Irresponsible Captain Tylor (Musekinin Kanchou Tylor) Liner Notes

For several years now, I’ve been a fan of Tatsunoko Production’s Irresponsible Captain Tylor. Back in 2016 when I bought the complete series DVD set released by Nozomi Entertainment in 2013, I barely had a clue as to how hilarious and captivating the show would be. After I finished a batch of episodes on one of the 5 DVDs, I’d always go to the bonus features and find some fascinating liner notes pertaining to the subbing process and other little tidbits of the show itself. I’ve always wanted to look back at them without having to bust out the DVDs every time I wanted to do so, and since I can’t readily find them online, I’m here to transcribe them for myself and other curious fans of the show to read at their leisure. Just know that the notes not only contain mild spoilers of the show, but require context of actually watching the episodes in order to understand even half of what they’re talking about. I’d beseech anyone to try this show out, as it’s as hilarious and captivating as it is gorgeous, with boisterous personalities and a wonderful soundtrack to boot.

If you wish to purchase this incredible space opera comedy to see how its narrative unfolds, you can purchase the show over at Nozomi Entertainment’s website. You can also find the show streaming subbed on Nozomi Entertainment’s YouTube channel via a playlist of the entire show and the 10 episode follow-up OVA if purchasing is out of the question for you. The DVD allows you to choose between sub and dub, for those who care about being able to choose (the DVDs for the show and the OVA are separate, just to let you know.) I highly recommend watching this cult classic.

Drunk Tylor.gif

Episode 1:

Those of you with sharper ears can probably hear what sounds like a news report going on in the background of the recruitment ad. While the information it gives is interesting, subtitling it along with Noriko’s dialogue would have filled the screen with text. Therefore, we’ve decided to give you the text of the report in these liner notes.

“…and owing to the newly developed warp drive system, which greatly expands on the frontline area to be defended as well as our own local defense zone, the military strength of the United States Space Force is critically low. As a result, the strength of the outer galactic fleet’s primary defense line is the lowest it’s been in 30 years.”

Episode 2:

1. In the pension department office, the war game Tylor and the old chief petty officer are playing is identified in the script as “3-D chess.”

2. The Japanese Computer readout given next to the picture of Admiral Hanner is simply a repeat of what the computer says before we can see it.

3. When the Chief asks how Tylor could tell, Tylor replies “Tsuu no ieba, kaa to ieba kokusan!” The phrase “Tsuu no ieba kaa” means something like “Your talent is always knowing the right thing to say.” “Kaa to ieba kokusan” is a phrase “When it comes to buying cars, always buy domestic.”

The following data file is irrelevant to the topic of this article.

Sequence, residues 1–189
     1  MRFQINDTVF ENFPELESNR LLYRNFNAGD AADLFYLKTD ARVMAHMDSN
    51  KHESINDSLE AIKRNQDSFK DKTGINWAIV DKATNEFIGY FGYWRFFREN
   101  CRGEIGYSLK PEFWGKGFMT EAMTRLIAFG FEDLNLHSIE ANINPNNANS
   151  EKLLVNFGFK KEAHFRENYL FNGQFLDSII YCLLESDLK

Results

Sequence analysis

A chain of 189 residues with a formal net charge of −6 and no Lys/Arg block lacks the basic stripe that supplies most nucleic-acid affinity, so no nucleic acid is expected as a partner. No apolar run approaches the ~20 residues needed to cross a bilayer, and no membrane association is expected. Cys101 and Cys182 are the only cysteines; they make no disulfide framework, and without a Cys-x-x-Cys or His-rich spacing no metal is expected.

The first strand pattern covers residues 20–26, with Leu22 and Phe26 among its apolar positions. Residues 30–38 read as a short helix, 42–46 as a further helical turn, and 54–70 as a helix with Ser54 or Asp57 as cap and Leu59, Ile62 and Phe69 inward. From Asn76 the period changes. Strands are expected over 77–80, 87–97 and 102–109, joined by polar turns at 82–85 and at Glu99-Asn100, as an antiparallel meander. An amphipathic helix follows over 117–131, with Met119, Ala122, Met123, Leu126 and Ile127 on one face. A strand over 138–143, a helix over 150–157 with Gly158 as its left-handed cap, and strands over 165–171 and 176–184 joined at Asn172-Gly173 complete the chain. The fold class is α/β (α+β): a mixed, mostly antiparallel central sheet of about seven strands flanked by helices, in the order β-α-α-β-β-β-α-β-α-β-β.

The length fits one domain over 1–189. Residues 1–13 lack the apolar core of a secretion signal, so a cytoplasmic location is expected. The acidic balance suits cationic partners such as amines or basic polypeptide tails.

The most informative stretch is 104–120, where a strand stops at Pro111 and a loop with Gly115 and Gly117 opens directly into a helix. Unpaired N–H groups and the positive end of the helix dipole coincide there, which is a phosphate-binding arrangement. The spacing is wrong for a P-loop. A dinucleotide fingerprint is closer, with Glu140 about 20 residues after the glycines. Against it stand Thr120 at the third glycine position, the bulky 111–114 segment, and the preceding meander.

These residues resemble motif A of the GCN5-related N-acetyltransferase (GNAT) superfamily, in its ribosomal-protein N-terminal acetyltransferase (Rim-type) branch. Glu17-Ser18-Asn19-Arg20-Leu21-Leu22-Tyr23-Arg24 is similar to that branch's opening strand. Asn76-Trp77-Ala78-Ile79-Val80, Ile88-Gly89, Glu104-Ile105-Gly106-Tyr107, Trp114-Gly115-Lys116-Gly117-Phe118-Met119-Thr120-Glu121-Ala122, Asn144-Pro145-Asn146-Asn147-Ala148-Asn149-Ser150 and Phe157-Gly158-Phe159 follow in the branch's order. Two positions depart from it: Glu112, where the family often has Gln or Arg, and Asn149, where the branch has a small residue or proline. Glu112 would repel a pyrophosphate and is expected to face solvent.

This is a fairly common wordplay in Japanese. The writer basically combined the two phrases together that had similar sentence structures and began the second part of the phrase with the word of the previous one.

Episode 3:

1. The small statue we see Yamamoto digging out of the wreckage in his room is a trophy for kendo, which is Japanese fencing. We saw Yamamoto doing exercises for this in episode 2.

2. Dr. Kitaguchi’s preferred brand of Japanese sake is Kin no Tama (Golden Jewels). This is actually a reference to private parts.

There are no liner notes for episode 4.

Episode 5: 

1. “Angel in White” begins with an “H”
A typically Japanese multi-level pun. The phrase “angel in white” (hakui no tenshi) is a nickname for nurses in Japan. It very obviously begins with H, but there’s more to this. Although the nurse in question is named Harumi, that’s not the real joke. H (or ecchi, as it’s pronounced in Japanese) is a slang term for having sex or being aroused. Considering the uproar Harumi’s presence causes among the male crew of the Soyokaze, it’s clear that the appearance of this particular angel in white begins with a lot of H!

2. The card Bunta holds up is a Japanese hanafuda card, which is a typical game played with cards with flower patterns on them. Originally introduced to Japan by the Spanish in the 1500’s, they can apparently be used for fortunetelling, like their western counterparts.

3. Yet another Japanese superstition rears its head in this episode when Tylor sneezes and wonders if someone’s talking about him. The joke usually goes that if you sneeze once, someone is saying something good about you. Twice, and they’re saying something bad. If you sneeze three times, you’re probably catching a cold.

4. Kojiro threatens to bite his tongue when Harumi approaches him. Biting your own tongue and bleeding to death is a way for captured prisoners to commit suicide.

5. Admiral Fuji’s command carrier is called the Ho-oh. While the usual translation for this word would be “phoenix,” the actual Chinese characters in the name turn it into “phoenix parrot.”

Episode 6

1. The Tail of the Lizard’s Tail
Another title with a cultural idiom. Anyone who’s ever played with a salamander can tell you, these reptiles can actually detach their tails from their bodies to escape if they’re caught. Thus, in Japanese, the phrase “a lizard’s tail” has come to refer to a p[erson or group of people who get sacrificed in order to save the larger group. For example, criminals who let one of their own get caught by the police are “cutting off the lizard’s tail,” so to speak. With a title like “The Tail of the Lizard’s Tail,” we get both the image that the group who’s supposed to be sacrificed (i.e. the Soyokaze crew) have some trick up their sleeves to save themselves and the image of something totally insignificant that’s even lower than low.